Polycystin 2 (Pkd2), is a protein (TRPP2, polycystin-2, or PKD2) of the transient receptor potential (TRP) superfamily of ion channels. It is involved in cell signalling and has been linked to the perception of flow dynamics. Pkd2 is believed to form part of the cell and ciliary structure that senses the fluid flow in the left–right organiser. In the mouse model, this is facilitated by the existence of a second, non-motile type of cilia, known as mechanosensory cilia, which act as ‘antennas’, detecting changes in the flow outside the cell. Mechanosensory cilia and Pkd2 in mice are vital components for asymmetric development, and an imbalance or absence in either has been shown to lead to left–right defects in mice which can sometimes be fatal.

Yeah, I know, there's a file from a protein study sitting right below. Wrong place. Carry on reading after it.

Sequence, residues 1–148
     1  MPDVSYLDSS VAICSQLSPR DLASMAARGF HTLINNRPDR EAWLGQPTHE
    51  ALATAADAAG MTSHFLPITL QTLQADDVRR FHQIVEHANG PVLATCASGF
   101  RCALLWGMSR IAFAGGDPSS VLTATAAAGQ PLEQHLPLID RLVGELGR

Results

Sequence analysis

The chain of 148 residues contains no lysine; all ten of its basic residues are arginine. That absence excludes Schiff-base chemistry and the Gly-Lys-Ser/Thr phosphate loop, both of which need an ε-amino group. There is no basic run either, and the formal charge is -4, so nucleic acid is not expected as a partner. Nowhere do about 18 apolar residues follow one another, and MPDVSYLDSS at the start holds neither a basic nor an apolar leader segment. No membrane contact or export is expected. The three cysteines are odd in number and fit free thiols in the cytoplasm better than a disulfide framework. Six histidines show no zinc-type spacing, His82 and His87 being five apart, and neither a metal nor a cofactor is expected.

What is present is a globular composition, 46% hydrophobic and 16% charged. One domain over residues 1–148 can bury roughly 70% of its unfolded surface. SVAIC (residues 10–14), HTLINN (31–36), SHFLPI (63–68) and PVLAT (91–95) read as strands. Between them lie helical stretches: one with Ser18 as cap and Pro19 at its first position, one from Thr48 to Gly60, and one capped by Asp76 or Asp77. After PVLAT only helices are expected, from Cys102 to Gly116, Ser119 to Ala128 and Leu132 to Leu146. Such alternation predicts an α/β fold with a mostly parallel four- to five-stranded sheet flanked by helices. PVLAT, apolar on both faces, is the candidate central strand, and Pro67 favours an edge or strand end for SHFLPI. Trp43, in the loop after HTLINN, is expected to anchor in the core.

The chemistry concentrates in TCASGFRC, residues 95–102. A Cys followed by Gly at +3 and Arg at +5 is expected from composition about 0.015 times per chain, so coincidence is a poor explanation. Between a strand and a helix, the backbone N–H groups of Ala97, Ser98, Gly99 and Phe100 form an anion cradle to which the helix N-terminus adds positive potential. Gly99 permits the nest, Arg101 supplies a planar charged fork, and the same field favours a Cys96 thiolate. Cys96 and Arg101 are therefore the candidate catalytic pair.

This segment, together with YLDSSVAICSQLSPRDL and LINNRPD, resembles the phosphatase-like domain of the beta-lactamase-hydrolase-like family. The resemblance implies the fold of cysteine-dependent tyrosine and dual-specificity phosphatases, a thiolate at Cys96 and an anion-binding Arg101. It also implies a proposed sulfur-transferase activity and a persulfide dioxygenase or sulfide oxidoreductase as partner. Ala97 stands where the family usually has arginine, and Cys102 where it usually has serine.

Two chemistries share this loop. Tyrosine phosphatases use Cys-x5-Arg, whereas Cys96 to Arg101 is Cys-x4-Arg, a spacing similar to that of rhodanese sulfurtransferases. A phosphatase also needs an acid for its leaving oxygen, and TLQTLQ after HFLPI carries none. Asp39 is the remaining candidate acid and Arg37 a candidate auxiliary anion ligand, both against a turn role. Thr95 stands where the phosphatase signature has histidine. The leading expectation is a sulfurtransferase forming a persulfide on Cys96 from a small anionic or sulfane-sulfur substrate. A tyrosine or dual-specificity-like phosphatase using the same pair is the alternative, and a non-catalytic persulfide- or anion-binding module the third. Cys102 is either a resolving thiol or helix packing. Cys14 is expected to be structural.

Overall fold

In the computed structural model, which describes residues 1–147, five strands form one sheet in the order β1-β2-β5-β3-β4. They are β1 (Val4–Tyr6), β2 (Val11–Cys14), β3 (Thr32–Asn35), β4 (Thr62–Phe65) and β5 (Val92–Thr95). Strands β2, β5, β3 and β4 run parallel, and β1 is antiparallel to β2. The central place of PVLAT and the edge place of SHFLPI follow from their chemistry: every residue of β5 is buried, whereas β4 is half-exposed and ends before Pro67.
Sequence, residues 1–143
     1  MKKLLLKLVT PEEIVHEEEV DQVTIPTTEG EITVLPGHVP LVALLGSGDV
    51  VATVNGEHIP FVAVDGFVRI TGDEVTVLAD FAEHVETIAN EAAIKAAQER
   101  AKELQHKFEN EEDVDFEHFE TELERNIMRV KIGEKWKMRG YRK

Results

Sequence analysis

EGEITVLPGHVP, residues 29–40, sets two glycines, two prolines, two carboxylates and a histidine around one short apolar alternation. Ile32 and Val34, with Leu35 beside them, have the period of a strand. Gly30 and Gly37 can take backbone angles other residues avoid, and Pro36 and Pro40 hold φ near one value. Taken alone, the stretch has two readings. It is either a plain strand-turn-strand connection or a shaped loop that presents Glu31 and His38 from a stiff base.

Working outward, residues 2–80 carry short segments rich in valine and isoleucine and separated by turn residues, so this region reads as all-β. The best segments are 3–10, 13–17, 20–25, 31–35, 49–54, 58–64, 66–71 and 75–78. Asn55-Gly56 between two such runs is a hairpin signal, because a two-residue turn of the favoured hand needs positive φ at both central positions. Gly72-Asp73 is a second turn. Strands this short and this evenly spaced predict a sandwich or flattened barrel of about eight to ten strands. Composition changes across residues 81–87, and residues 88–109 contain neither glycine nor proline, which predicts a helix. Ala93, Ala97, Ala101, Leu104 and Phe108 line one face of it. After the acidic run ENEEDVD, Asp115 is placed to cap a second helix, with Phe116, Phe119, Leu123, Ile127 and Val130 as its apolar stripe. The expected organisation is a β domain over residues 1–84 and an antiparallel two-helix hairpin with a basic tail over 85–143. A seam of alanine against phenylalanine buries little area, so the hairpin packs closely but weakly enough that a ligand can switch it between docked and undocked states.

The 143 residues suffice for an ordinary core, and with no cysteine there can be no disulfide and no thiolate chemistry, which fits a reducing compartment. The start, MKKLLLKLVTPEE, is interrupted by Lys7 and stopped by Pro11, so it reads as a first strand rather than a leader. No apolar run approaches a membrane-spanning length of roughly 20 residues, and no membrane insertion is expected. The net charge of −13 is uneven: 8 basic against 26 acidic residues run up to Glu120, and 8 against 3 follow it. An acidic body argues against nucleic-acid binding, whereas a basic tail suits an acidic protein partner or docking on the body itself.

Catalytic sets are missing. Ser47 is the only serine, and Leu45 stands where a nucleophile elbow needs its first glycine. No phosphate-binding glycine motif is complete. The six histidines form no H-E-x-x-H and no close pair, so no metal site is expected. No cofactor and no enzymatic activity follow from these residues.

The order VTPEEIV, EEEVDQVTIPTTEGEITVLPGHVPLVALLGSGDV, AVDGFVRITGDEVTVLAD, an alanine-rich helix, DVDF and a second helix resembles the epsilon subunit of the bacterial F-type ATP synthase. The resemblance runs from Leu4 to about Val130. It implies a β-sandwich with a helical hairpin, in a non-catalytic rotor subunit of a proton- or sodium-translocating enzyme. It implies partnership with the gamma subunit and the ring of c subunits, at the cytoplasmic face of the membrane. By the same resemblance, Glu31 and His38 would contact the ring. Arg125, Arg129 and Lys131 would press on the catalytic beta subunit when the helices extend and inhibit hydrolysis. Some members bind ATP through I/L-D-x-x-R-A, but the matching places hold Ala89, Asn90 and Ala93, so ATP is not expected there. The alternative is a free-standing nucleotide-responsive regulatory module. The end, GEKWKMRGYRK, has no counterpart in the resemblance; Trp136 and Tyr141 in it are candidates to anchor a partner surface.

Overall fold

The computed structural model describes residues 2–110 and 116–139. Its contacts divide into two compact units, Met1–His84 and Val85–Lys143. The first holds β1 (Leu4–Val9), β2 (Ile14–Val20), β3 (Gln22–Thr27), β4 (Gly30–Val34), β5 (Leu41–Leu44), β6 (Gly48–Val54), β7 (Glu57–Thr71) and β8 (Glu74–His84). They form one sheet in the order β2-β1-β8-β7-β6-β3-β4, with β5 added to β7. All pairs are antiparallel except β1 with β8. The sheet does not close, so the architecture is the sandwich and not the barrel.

The mechanisms that produce macroscopic asymmetry in an organism are complex and not fully understood.
The Lyoscil Project
The aim of the LYSOCIL Project, led by researchers at NOVA Medical School, Lisbon, is to gain an understanding of the underlying causes of diseases affecting the cilia, known as ciliopathies. Many of these diseases are very rare, for example primary ciliary dyskinesia (affecting around 1 in 10,000 people) and autosomal dominant polycystic kidney disease (affecting around 1 in 1,000 people), but they are debilitating conditions causing abnormal function of the affected areas.